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Making Tax Digital thresholds: VAT, Income Tax and Corporation Tax

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The next phases of Making Tax Digital are coming soon, starting with all VAT-registered businesses having to comply with MTD for VAT from April 2022.

Find out who needs to comply with MTD for VAT, MTD for Income Tax Self Assessment (MTD for ITSA, also known as MTD for Income Tax) and MTD for Corporation Tax, along with their different thresholds, so you can be ready for MTD in plenty of time.

Here’s what we cover in this article:

Making Tax Digital thresholds

Who Making Tax Digital applies to at present

MTD for VAT: Threshold and exemptions

MTD for Income Tax: Threshold and exemptions

MTD for Corporation Tax: Threshold and exemptions

MTD thresholds: Frequently asked questions

The ultimate guide to Making Tax Digital

Need help getting ready for Making Tax Digital? Download this free guide to learn about MTD for VAT, Income Tax and Corporation Tax, and what they mean for your business.

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27,023 readers have downloaded this guide

MTD is intended to streamline tax, improving accuracy and efficiency while making the whole process behind taxation easier to manage for taxpayers and the government.

HMRC says there have already been tangible benefits from MTD for those businesses who have adopted it.

But MTD is happening in phases and applies to different groups based on different thresholds.

The government is introducing Making Tax Digital in phases, so there are various MTD deadlines for businesses.

At present, MTD rules apply to VAT-registered businesses whose taxable turnover is above the £85,000 VAT threshold. But all VAT registered businesses will need to file their VAT returns under MTD rules from April 2022.

From April 2024, MTD for ITSA comes into play.

It will mean sole traders and landlords will be required to file their income tax returns under the next phase of MTD if their income is over £10,000. MTD for ITSA will apply to general partnerships from 2025.

Then, in 2026 at the earliest, eligible firms may need to begin using MTD for Corporation Tax.

You can view a full MTD timeline at our MTD hub.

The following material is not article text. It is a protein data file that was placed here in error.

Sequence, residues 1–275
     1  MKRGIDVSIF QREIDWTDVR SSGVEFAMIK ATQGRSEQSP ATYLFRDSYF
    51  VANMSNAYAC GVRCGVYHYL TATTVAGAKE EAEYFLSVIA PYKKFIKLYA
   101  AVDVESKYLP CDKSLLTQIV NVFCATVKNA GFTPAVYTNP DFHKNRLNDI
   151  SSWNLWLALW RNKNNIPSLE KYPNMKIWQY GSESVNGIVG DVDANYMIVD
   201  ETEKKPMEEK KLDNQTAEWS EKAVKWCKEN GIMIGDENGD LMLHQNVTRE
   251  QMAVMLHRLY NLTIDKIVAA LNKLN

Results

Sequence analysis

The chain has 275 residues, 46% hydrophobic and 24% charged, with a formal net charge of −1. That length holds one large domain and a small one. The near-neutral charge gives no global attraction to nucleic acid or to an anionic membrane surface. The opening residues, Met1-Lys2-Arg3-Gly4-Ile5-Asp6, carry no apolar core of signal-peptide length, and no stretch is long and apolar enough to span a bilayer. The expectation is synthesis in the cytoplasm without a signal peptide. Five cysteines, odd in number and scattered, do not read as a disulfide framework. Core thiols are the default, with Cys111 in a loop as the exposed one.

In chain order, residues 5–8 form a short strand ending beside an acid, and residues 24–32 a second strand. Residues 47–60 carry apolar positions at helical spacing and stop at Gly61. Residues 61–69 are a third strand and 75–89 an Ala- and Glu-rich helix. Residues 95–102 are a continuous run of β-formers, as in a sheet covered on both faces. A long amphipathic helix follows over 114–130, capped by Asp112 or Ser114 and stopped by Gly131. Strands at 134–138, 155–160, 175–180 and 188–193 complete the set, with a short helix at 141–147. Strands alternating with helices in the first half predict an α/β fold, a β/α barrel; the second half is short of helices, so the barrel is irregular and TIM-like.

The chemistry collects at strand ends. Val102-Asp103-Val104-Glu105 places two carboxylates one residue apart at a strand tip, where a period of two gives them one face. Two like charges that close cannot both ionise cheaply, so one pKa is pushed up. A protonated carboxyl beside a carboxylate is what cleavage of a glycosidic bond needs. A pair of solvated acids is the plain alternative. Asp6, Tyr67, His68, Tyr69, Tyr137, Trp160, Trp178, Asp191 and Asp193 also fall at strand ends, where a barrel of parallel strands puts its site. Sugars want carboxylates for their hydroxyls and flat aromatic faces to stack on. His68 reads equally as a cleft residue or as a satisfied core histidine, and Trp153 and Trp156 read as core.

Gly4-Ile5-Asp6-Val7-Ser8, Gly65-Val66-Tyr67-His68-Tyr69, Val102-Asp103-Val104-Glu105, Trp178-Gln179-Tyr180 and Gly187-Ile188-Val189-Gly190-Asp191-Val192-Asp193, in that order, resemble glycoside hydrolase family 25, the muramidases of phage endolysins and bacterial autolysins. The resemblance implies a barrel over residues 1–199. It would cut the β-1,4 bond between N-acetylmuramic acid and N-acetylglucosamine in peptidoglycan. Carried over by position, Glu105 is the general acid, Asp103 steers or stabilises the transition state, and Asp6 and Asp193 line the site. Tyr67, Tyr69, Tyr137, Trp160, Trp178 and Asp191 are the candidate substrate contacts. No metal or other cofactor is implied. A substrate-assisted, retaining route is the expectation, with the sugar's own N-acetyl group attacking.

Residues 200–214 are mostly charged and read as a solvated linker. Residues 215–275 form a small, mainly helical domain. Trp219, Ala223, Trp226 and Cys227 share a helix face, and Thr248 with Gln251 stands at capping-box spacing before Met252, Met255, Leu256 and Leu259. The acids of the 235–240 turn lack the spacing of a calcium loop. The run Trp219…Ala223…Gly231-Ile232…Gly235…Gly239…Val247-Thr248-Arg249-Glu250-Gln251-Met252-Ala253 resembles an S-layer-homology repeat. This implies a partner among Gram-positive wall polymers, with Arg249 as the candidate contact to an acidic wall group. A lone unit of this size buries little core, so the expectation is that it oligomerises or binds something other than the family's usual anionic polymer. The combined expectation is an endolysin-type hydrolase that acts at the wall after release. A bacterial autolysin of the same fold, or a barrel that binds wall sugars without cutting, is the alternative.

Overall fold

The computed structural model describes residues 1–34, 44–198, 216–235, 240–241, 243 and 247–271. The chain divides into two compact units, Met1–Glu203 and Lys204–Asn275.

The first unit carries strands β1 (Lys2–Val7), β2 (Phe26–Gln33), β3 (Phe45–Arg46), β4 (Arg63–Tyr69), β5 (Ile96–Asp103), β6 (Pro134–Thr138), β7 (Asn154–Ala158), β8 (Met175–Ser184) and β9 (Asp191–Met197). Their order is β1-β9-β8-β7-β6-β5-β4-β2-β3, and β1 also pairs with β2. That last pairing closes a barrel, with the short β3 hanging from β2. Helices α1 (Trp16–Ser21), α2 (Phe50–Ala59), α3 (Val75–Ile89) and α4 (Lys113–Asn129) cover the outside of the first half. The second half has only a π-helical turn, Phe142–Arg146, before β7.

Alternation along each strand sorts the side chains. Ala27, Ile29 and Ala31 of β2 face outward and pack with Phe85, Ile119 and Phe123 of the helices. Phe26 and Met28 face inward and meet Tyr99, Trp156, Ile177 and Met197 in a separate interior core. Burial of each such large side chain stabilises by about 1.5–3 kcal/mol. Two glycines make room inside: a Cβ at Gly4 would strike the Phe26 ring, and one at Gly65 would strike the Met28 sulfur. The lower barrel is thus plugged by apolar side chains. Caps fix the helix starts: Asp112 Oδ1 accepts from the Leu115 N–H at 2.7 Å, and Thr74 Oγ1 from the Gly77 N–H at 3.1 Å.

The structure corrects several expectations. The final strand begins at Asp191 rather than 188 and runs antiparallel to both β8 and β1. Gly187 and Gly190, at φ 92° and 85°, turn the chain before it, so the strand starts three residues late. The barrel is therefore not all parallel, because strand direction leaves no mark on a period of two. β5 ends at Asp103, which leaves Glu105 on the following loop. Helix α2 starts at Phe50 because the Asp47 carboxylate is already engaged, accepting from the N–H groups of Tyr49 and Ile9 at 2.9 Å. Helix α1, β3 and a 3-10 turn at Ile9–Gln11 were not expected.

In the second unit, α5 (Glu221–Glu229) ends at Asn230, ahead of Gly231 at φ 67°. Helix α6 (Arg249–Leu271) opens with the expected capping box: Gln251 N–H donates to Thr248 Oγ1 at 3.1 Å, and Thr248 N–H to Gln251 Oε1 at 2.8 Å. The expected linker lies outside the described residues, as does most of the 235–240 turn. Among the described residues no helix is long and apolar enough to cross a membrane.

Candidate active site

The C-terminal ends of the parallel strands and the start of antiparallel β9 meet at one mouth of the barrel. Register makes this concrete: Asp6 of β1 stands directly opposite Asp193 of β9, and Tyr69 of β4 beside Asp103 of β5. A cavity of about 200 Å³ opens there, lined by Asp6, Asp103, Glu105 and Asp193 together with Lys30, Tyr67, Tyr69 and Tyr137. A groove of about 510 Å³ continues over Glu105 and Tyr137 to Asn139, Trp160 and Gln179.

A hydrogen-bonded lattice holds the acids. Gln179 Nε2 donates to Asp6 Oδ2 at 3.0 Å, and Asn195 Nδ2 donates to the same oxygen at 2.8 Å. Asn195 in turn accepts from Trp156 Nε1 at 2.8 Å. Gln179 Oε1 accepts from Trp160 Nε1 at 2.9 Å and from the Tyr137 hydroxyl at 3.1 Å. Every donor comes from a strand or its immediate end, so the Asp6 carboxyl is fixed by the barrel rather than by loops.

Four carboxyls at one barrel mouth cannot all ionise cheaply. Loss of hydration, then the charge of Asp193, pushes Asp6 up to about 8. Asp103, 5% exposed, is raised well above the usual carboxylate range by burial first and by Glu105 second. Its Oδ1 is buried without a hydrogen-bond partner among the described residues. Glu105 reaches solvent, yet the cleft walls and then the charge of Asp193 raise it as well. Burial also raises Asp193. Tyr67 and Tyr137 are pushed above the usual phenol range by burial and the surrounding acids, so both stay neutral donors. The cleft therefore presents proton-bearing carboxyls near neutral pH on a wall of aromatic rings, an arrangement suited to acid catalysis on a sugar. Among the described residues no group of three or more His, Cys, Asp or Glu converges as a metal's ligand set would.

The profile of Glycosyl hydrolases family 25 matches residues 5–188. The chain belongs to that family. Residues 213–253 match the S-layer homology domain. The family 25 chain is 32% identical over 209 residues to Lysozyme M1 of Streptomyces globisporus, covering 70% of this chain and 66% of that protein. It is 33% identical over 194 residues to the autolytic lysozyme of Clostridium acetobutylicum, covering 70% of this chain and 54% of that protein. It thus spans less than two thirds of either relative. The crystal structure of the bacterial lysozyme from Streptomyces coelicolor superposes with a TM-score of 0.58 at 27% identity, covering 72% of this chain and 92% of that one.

MTD for VAT means keeping digital VAT records and adopting MTD-compatible software to provide your VAT returns to HMRC.

HMRC says MTD for VAT has already helped many businesses eliminate paper and manual processes, and reduce time spent on admin, while the process has generally made VAT Returns more accurate and easier to complete.

MTD for VAT threshold

VAT-registered businesses with a taxable turnover above the £85,000 VAT threshold began to come under MTD rules for their first full VAT period beginning after 1 April 2019.

Those VAT-registered businesses with taxable turnover below the current VAT threshold will follow MTD rules for their first full VAT period beginning after 1 April 2022.

HMRC says about a quarter of VAT-registered businesses below the VAT threshold have already chosen to join MTD voluntarily.

MTD for VAT exemptions

HMRC says you can apply for an exemption from MTD for VAT if it’s not reasonable or practical for you to use computers, software or the internet.

Typically, this could be because of your age, disability, location or religion.

However, this is done on a case-by-case basis, and HMRC says it will consider any reason why you think it’s not reasonable or practical to adopt MTD.

In practice, you’ll likely need to have a pretty strong argument for HMRC to grant you an exemption.

What do I do if I am VAT registered but under the threshold?

If you’re VAT registered but under the current £85,000 threshold, it’s wise to prepare for the switch to MTD now, so you’ll be ready to begin following MTD rules for VAT by the April 2022 deadline – you’ll be required to sign up on HMRC’s website.

If you don’t pay by direct debit, you’re meant to sign up at least three days before your return is due.

For those who already pay by direct debit, it’s best not to sign up too close to the date your return is due. You don’t want to end up paying twice.